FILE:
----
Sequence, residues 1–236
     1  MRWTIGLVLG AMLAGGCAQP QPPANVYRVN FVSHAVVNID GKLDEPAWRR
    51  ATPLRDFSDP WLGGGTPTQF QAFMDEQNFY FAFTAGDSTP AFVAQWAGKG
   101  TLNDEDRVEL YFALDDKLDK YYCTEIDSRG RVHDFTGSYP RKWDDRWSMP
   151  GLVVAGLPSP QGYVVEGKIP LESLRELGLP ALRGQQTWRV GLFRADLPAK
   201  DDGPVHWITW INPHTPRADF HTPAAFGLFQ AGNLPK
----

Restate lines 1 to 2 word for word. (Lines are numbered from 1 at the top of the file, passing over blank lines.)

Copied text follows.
Sequence, residues 1–236
     1  MRWTIGLVLG AMLAGGCAQP QPPANVYRVN FVSHAVVNID GKLDEPAWRR